Decrease Round 1: Using CC2, [k10, k2tog] to end. 110 sts.
P 3 rounds.
Break CC2.

Decrease Round 2: Using CC3, [k9, k2tog] to end. 100 sts.
P 3 rounds.
Break CC3.

Decrease Round 3: Using CC2, [k8, k2tog] to end. 90 sts.
P 3 rounds.
Break CC2.

Decrease Round 4: Using CC1, [k7, k2tog] to end. 80 sts.
P 3 rounds.
Break CC1.

Decrease Round 5: Using CC2, [k6, k2tog] to end. 70 sts.
P 3 rounds.
Break CC2.

Decrease Round 6: Using CC3, [k5, k2tog] to end. 60 sts.
P 3 rounds.
Break CC3.

Decrease Round 7: Using CC2, [k4, k2tog] to end. 50 sts.
P 3 rounds.
Break CC2.

Decrease Round 8: Using CC1, [k3, k2tog] to end. 40 sts.
P 3 rounds.
Break CC1.

Decrease Round 9: Using CC2, [k2, k2tog] to end. 30 sts.
P 3 rounds.
Break CC2.

Decrease Round 10: Using CC3, [k1, k2tog] to end. 20 sts.
P 3 rounds.
Break CC3.

Decrease Round 11: Using CC2, [k2tog] to end. 10 sts.
P 3 rounds.

Decrease Round 12: [K2tog] to end. 5 sts.
Break yarn, draw through remaining sts and pull tight.


Weave in all ends.

Place tea cosy in a washing machine with a small amount of soap. Add a few other items, like old towels or canvas running shoes; avoid newer towels, as their fuzz can embed itself in the wool piece you are felting. Run machine through a hot wash/cold rinse cycle, removing cosy before the spin cycle begins. Mold cosy to desired shape (it will be fairly pliable when wet) and allow to dry thoroughly.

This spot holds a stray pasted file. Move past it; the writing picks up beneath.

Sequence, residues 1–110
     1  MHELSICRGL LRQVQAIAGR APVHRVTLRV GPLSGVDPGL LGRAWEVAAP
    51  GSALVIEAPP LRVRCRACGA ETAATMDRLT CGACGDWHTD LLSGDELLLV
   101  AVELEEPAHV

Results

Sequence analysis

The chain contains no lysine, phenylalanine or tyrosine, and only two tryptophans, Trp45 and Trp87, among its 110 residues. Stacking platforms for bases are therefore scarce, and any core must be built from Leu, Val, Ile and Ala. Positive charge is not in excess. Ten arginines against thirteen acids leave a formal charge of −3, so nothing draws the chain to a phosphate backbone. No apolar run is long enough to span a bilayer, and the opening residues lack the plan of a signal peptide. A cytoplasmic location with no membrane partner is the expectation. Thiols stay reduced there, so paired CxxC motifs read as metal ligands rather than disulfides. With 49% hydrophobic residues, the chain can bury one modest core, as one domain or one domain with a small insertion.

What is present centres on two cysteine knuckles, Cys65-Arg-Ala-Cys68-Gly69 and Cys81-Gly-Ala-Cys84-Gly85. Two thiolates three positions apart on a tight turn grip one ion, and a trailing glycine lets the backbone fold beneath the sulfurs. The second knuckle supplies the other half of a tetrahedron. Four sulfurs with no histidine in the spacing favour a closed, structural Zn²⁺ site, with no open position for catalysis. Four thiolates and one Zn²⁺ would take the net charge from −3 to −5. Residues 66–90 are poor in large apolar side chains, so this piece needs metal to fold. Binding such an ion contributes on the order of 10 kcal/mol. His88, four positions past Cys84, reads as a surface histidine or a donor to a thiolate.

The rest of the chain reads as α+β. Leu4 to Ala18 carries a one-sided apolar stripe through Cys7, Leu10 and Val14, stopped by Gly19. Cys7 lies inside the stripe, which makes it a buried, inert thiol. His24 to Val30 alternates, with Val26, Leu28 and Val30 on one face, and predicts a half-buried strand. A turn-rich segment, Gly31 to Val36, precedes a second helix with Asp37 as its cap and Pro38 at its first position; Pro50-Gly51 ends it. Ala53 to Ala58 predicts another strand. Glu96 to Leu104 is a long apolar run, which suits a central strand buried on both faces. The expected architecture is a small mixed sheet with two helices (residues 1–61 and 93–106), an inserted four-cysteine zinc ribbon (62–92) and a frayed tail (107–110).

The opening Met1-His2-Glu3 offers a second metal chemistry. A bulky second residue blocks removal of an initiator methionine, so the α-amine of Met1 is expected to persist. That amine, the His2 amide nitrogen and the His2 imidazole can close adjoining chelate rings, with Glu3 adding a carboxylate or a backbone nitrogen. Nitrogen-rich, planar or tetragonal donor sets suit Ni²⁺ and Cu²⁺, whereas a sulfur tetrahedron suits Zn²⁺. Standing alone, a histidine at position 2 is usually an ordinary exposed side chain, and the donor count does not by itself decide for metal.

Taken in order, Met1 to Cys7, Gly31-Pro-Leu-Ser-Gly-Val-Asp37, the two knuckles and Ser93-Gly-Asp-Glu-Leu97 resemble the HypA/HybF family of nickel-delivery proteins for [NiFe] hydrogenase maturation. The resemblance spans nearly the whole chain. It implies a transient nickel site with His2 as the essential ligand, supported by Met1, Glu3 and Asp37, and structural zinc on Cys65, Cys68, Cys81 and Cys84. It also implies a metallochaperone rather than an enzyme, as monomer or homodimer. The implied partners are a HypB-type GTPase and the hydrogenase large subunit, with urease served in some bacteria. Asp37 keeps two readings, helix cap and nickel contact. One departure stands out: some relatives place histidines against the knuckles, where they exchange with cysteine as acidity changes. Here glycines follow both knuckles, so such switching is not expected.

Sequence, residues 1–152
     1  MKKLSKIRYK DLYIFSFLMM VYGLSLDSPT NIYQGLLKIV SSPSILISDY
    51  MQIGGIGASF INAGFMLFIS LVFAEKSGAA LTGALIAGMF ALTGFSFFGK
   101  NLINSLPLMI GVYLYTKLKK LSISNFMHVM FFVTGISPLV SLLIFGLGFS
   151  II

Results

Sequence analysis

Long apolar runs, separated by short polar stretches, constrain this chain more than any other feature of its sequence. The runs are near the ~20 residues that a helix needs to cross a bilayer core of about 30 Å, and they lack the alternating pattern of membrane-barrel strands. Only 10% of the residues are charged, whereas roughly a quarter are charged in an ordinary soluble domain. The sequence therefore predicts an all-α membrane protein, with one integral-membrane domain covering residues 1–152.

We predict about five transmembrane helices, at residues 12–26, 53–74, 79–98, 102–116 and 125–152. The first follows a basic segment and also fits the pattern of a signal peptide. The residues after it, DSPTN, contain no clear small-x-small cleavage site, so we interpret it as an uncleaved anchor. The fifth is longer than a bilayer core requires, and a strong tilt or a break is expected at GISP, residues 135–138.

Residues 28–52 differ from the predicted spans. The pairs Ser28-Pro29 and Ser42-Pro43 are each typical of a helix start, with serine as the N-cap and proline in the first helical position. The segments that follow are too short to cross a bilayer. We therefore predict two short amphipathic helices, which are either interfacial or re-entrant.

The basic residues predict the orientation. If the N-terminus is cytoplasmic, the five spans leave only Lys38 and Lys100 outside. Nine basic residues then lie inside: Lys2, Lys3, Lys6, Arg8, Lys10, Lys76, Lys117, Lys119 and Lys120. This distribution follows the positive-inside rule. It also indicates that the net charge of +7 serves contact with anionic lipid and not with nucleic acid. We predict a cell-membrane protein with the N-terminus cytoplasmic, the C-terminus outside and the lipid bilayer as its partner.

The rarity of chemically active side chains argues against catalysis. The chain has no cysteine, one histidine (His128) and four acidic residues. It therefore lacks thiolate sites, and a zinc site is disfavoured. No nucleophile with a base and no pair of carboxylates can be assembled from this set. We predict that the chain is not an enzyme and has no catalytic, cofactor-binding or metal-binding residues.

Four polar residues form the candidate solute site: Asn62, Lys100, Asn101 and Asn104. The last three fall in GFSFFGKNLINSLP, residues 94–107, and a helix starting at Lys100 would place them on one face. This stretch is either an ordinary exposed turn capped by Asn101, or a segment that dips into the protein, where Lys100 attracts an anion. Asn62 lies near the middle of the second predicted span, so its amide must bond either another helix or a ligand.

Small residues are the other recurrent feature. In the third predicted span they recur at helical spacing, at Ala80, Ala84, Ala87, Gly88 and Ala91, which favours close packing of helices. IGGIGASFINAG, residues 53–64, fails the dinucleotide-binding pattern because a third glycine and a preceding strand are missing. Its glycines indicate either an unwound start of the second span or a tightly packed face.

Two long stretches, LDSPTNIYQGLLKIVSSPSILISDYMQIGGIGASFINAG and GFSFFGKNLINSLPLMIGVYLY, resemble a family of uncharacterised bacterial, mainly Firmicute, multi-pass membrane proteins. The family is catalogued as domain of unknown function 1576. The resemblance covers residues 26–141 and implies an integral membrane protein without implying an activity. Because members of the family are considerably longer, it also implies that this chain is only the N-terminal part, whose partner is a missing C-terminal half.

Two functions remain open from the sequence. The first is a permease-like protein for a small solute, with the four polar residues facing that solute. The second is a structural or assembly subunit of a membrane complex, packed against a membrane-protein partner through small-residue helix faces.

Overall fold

Using photo as a guide, embroider polka dots as follows:

Note: It is important to use a blunt tip needle for spider web stitch -- a pointed needle is difficult to use because it will pierce the thread you are weaving on. You can also use the back end of a sharp pointed needle to weave.

Step 1: Build the base for the spider web

You must have an odd number of spokes in order for the weaving to work -- 5, 7 or 9 work well.

Bring yarn up in the center of the circle (A), and make a stitch from B to A. Continue in the same way to make stitches all the way around the outside of the circle to the center (from C to A, D to A, etc.)

Step 2: Begin Weaving

Come up in the center of the spokes.

Step 3: Fill in the spokes

Weave over and under every other spoke, spiraling outward until the entire shape is filled. Pack the stitches down as the spokes fill up to create a filled-in weaving. As you weave and pack down the yarn, the spokes disappear under the weaving. End by drawing the yarn through to the back side under a spoke and finish off.

If you are a knitter who hasn't ever done embroidery before, never fear! It is easy -- especially when you are using wool which fills in nicely and covers up mistakes. When you first start the spider webs, they won't look like much. Keep weaving around the base spokes and fill them solidly. The spider webs will become puffy and slightly sculptural.

On the lower green section of the tea cosy, work at least 4 spider web polka dots in Colors A, B and D. Make them different sizes.

On the striped section of the tea cosy, work at least 8 varying size spider webs in Color C.

Brew up a pot of tea and enjoy!


Kristin Nicholas is a knitwear and stitchery author and designer who lives on a sheep farm in western Massachusetts with her husband and daughter and dog, Phoebe.

She is the author of several knitting and embroidery books, the newest being Colorful Stitchery (Storey, 2005). Her yarn Julia is available nationwide (distributed by Nashua Handknits/ Westminster Fibers) and her stitchery kits are distributed by JCA.

Visit her website & blog at